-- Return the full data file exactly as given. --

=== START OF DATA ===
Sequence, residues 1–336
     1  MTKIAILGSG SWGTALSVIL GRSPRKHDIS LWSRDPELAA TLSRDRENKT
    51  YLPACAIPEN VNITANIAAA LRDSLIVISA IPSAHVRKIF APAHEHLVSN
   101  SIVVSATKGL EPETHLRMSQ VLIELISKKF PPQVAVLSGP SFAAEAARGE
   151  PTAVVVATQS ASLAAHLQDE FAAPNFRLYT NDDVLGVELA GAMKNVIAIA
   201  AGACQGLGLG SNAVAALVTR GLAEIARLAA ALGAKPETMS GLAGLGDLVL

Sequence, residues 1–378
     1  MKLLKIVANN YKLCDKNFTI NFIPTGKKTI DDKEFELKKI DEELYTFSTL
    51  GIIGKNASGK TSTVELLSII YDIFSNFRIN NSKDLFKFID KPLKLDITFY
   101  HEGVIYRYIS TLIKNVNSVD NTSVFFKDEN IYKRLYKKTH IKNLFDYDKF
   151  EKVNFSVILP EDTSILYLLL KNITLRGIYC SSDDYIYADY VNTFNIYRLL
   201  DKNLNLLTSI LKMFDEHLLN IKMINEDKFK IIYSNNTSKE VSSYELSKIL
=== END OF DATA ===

Sequence, residues 1–336
     1  MTKIAILGSG SWGTALSVIL GRSPRKHDIS LWSRDPELAA TLSRDRENKT
    51  YLPACAIPEN VNITANIAAA LRDSLIVISA IPSAHVRKIF APAHEHLVSN
   101  SIVVSATKGL EPETHLRMSQ VLIELISKKF PPQVAVLSGP SFAAEAARGE
   151  PTAVVVATQS ASLAAHLQDE FAAPNFRLYT NDDVLGVELA GAMKNVIAIA
   201  AGACQGLGLG SNAVAALVTR GLAEIARLAA ALGAKPETMS GLAGLGDLVL

Sequence, residues 1–378
     1  MKLLKIVANN YKLCDKNFTI NFIPTGKKTI DDKEFELKKI DEELYTFSTL
    51  GIIGKNASGK TSTVELLSII YDIFSNFRIN NSKDLFKFID KPLKLDITFY
   101  HEGVIYRYIS TLIKNVNSVD NTSVFFKDEN IYKRLYKKTH IKNLFDYDKF
   151  EKVNFSVILP EDTSILYLLL KNITLRGIYC SSDDYIYADY VNTFNIYRLL
   201  DKNLNLLTSI LKMFDEHLLN IKMINEDKFK IIYSNNTSKE VSSYELSKIL